“Would you describe yourself as part of a group that is discriminated against in your country?” At the beginning of this decade a peak of more than 40% of Bolivians, 30% of Brazilians and almost 35% of Guatemalans answered “Yes” to this question. The perception of discrimination, in whatever form people feel it, is an issue in many LAC countries. On average, 17% of all Latin Americans reported that they perceived themselves as part of a group that was discriminated against in 2015. However, these average numbers hide the vast heterogeneity among different groups in the population. As we know, when it comes to discrimination—certain groups are much more adversely affected that others. Discrimination can take place along many axes—though some of the most common are race, gender, age, sexual orientation, and disability

Using data from Latinobarómetro, the following graph summarizes the pooled responses of all Latin-Americans interviewed between 2010-2015, disaggregated by the respondent’s gender, age, and whether or not they are indigenous[i].The data shows a 21 percentage point gap in the share responding “Yes” to the question between the group facing the least amount discrimination (non-indigenous younger men) and the group facing the most discrimination (indigenous older women).As this figure shows, the answers of men and women do no differ very much, nor do the answers of older and younger people. What we do see, however, is that the answers of indigenous and non-indigenous people differ systematically. On average in Latin America, indigenous people report much higher rates of discrimination than non-indigenous people of all genders and ages. 

Discrimination is not only intrinsically unfair and harmful, but it can also have instrumental consequences for development. When discrimination takes place in the labor market, it can limit efficiency as it constrains certain individuals from generating income and actively contributing to growth. One way to think about the generation of household income is the assets-based approach. In brief, this approach argues that households generate income by accumulating assets (for example, by gaining human capital through higher education), using those assets intensively (for example, by putting education to work in the labor market), and obtaining returns to those assets (for example, by receiving a fair wage for work).  However, if there are structural barriers (such as discrimination), which hold households back from effectively accumulating, using, and/or obtaining returns to assets, both individuals and countries will lose out on this untapped economic potential. The figure above suggests that in Latin America, this is the case of indigenous people.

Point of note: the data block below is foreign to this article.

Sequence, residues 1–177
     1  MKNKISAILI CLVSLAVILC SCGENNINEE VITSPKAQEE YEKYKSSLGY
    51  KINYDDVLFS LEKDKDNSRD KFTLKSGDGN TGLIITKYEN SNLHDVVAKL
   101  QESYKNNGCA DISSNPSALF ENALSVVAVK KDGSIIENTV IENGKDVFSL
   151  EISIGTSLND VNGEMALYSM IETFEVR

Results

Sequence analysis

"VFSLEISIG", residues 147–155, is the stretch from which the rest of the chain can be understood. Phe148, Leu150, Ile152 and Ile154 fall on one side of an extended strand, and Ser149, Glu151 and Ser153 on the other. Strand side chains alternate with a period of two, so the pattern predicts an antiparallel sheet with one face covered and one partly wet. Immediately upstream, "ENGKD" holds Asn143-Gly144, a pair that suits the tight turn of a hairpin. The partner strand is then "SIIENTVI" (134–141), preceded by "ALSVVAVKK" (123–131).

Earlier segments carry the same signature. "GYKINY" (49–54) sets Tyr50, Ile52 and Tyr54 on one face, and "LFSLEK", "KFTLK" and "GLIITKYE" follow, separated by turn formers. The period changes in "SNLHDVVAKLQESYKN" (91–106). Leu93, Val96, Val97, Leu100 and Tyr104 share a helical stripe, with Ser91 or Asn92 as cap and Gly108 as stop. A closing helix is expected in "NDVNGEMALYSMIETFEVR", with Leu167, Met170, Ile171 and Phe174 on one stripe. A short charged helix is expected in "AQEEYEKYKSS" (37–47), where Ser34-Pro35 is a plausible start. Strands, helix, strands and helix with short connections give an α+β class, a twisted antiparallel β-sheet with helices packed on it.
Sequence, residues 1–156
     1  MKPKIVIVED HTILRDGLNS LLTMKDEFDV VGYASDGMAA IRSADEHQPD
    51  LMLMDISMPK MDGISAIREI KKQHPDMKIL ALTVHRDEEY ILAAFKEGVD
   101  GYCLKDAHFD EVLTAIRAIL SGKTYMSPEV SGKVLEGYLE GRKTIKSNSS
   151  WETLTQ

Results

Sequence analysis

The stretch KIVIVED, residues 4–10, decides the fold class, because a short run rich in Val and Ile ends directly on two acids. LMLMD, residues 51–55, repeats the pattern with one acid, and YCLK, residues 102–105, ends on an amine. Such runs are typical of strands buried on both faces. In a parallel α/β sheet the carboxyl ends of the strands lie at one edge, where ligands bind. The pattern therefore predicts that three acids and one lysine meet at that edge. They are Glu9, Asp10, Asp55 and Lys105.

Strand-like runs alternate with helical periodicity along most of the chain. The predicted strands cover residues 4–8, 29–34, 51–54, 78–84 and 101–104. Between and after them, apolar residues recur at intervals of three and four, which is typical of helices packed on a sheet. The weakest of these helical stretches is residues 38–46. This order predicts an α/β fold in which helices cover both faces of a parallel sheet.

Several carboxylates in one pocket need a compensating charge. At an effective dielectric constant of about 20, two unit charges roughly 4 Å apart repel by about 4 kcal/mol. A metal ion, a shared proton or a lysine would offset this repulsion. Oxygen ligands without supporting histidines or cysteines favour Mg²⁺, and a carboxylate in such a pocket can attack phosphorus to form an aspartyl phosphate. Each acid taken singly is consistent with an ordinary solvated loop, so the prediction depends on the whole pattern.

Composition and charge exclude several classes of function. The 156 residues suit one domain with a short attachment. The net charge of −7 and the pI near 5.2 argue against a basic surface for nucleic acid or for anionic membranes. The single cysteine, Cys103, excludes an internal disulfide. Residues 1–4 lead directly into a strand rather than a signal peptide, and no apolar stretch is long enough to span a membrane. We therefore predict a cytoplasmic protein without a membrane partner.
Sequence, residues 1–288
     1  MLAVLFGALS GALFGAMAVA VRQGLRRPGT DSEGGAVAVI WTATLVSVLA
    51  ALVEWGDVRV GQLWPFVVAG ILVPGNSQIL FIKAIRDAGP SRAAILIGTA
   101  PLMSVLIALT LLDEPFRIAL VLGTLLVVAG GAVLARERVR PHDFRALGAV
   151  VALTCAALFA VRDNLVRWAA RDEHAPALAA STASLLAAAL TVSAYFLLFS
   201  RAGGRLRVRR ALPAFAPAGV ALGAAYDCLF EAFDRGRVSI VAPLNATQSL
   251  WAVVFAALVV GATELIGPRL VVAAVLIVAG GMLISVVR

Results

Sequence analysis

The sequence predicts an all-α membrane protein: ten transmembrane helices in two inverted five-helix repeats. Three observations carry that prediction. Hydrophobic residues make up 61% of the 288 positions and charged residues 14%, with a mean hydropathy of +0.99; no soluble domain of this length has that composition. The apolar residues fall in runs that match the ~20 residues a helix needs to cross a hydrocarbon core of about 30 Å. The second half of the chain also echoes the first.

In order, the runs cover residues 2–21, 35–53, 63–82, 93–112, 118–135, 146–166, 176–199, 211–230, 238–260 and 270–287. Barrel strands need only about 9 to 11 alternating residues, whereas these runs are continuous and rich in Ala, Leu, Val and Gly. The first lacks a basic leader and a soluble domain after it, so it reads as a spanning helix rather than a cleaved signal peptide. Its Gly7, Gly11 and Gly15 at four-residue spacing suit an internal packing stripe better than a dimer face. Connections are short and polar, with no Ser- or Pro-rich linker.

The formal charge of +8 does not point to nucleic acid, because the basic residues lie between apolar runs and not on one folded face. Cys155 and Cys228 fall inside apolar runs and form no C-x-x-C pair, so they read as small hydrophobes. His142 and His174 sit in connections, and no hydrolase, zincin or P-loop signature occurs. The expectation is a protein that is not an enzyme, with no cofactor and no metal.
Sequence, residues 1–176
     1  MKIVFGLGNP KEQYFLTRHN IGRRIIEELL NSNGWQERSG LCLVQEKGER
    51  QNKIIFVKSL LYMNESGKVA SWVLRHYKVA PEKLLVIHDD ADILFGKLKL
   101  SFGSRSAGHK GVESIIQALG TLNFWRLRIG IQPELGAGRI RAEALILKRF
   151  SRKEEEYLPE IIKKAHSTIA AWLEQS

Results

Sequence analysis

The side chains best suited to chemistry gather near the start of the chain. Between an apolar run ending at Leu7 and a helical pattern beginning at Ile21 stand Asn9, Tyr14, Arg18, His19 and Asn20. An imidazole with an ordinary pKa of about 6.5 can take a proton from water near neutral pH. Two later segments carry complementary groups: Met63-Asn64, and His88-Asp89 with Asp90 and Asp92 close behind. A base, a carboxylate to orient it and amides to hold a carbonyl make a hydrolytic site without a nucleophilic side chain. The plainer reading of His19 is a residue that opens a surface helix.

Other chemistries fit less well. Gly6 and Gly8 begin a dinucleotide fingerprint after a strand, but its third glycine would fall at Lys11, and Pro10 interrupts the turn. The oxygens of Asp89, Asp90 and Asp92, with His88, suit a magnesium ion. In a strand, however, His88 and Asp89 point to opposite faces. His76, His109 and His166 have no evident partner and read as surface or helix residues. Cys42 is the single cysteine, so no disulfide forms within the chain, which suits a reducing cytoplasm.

Discrimination is closely linked to the notion of equality of opportunity –commonly described as the need to ensure a “level playing field.” This would suggest that the circumstances beyond one’s control (such as race, gender, age, sexual orientation, disabilities) should not determine one’s chances for advancement. This is associated with the Rawlsian idea of “justice as fairness.” Where discrimination takes place, the playing field is systemically uneven—creating a dynamic in which inequalities are likely to be persistent over time, getting passed from one generation to the next. In this way, discrimination interacts with equality of opportunity to the influence equality of outcomes (an ex-post notion which refers to the way resources are distributed among society).

A 2019 paper by Campos-Vazquez and Medina-Cortina sheds light on the longer-term effects of discrimination in LAC. Taking advantage of a unique survey in Mexico, they show how skin color affects inter-generational mobility. The following figure reproduces their findings as reported in Table 1 of the paper. It shows how much an individual’s parents’ wealth matters for determining their current wealth status—differentiating between three skin color groups: “white,” “light and medium brown,” and “brown and dark brown.”[i]